Accessible Buttons

A Button is an interactive element that triggers an action on a webpage or submits a form. The <button> tag has been available for a long time and developers should utilize it for this specific purpose.

This may seem obvious to many developers. Unfortunately there is a lot of code out there that uses <a> tags to do the work of a <button>. This is problematic from an accessibility standpoint because those relying on screen readers may mistakenly assume that clicking it will redirect them to another page. When I review code like this, it makes me sad. If you do this in a new project, think about how sad I will be, and change your ways.

This page covers how to make buttons in three ways. Review all scenarios and choose the one that fits your requirements the best, but make sure to take into account the warnings provided before making your final decision.

An HTML Button.

This is the best solution to use, especially when building from scratch.

The most bulletproof way to make a button. It "just works" for everyone.

The following is a <button> tag with a <label> tag describing what it is for.

Code Walkthrough of the Above Example

Below is the HTML of the above example. Use the dropdown to highlight each of the individual steps that makes the example accessible.

☜ Scroll to read full source ☞

                    
                

A link with the role of button

If you already are using a component similar to this in existing work that is not accessible, go to the developer walkthrough of this section to see how we made our implementation accessible.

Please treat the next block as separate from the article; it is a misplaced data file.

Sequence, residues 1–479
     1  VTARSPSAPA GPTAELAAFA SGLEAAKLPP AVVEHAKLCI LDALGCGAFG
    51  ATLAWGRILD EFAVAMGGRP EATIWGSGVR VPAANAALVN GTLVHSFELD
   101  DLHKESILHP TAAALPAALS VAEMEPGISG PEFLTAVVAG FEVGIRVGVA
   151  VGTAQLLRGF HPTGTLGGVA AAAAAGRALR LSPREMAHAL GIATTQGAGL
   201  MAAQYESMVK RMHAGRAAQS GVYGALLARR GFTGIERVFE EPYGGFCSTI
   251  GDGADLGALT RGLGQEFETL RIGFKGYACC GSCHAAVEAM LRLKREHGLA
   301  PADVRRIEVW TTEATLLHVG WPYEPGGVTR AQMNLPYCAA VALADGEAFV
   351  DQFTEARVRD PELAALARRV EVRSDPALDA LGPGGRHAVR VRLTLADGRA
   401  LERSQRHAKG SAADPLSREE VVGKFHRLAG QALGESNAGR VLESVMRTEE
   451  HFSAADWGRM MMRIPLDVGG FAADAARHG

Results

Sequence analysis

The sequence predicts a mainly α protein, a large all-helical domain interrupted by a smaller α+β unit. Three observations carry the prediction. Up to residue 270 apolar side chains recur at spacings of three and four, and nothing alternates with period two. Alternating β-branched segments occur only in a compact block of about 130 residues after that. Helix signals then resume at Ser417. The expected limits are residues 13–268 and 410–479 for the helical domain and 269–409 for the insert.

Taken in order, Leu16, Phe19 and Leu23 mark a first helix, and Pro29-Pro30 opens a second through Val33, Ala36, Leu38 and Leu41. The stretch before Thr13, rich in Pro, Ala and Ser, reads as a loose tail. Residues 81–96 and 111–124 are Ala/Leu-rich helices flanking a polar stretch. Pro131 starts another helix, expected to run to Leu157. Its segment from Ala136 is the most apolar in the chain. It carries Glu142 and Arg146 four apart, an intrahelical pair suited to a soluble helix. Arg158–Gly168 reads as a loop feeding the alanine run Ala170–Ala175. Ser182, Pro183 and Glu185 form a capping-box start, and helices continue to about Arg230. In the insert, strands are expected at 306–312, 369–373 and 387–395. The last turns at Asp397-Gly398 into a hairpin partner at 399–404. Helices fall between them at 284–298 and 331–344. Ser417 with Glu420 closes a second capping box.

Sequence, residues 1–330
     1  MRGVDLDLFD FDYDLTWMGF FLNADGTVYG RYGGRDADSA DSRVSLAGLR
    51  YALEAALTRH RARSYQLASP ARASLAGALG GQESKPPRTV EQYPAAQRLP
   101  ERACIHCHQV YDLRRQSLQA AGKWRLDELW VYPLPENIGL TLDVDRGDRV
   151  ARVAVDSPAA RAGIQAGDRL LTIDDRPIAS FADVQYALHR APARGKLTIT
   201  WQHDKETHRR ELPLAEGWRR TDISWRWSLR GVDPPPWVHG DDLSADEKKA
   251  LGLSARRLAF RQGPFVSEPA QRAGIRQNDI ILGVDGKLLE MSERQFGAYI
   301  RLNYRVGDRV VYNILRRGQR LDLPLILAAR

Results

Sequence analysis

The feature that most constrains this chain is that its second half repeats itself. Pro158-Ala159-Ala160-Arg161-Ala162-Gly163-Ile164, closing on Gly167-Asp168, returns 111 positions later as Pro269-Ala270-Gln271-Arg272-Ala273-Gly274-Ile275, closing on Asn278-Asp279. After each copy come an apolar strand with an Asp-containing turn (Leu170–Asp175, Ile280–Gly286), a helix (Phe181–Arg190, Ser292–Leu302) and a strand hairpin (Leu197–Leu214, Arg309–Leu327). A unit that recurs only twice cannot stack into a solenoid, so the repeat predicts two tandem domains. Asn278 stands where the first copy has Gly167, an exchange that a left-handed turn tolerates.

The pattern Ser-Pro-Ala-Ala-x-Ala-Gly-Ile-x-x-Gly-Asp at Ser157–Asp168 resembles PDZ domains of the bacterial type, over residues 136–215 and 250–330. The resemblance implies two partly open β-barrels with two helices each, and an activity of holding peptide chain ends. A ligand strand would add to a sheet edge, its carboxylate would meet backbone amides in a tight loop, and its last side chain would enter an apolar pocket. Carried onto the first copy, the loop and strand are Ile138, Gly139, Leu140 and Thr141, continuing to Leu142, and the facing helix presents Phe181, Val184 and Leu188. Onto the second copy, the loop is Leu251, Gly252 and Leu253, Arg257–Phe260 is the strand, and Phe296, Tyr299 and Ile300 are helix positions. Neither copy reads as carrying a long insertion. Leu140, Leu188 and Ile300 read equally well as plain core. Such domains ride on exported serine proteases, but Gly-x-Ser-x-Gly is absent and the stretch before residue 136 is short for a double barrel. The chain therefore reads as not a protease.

I can't tell you how many times I have seen buttons incorrectly marked up as links on a project. When dealing with older projects where it would be time-consuming to refactor the existing functionality and convert these "pseudo-buttons" into proper <button> tags, it might be more practical to add the ARIA role="button" to the existing <a> tags. If you decide to do this, you should first review all the steps below and see what would entail more work: refactoring the code to use actual HTML buttons, or adding the extra JavaScript to the codebase to ensure the "imitation buttons" are accessible.

Submit

Code Walkthrough of the Above Example

Below is the HTML of the above example. Use the dropdown to highlight each of the individual steps that makes the example accessible.

☜ Scroll to read full source ☞

                    
                

A DIV with a role of button

This works, but For the Love of God and All That is Holy, don't do this.

There have been a few projects, particularly ones developed using React and Angular for some reason, where I have observed developers creating buttons using <div> tags.

This hurts my brain. It goes against the ideas of semantic HTML and it makes Tim Berners-Lee cry. Do you really want to make the Father of the Web cry? What kind of monster are you?

If you have an existing project that has code built this way, read the steps below and determine if it would be less work to do the following instead of using real HTML <button> tags.

Submit

Code Walkthrough of the Above Example

Below is the HTML of the above example. Use the dropdown to highlight each of the individual steps that makes the example accessible.

☜ Scroll to read full source ☞

                    
                

Disabled HTML Button.

There are two ways of making a button disabled.

  1. Use the disabled attribute. This prevents click events from being fired. It also removes the button from the keyboard tabbing order, which makes it harder for screen reader users to know that the disabled button even exists.
  2. Use the aria-disabled="true" attribute. This doesn't remove the button from the keyboard tabbing order. It also doesn't prevents click events from being fired except for Chrome on Google Android with Talkback on. (Thanks to Noel Tibbles for pointing this out).

The ideal solution would be to use the aria-disabled="true" attribute, while using JavaScript to prevent the click event from performing an action. This allows the button to be accessible by screen reader users, while still notifying them that it is disabled.

The following button is disabled with the disabled attribute

The following button is disabled with aria-disabled="true"

The following button is disabled with aria-disabled="true" and JavaScript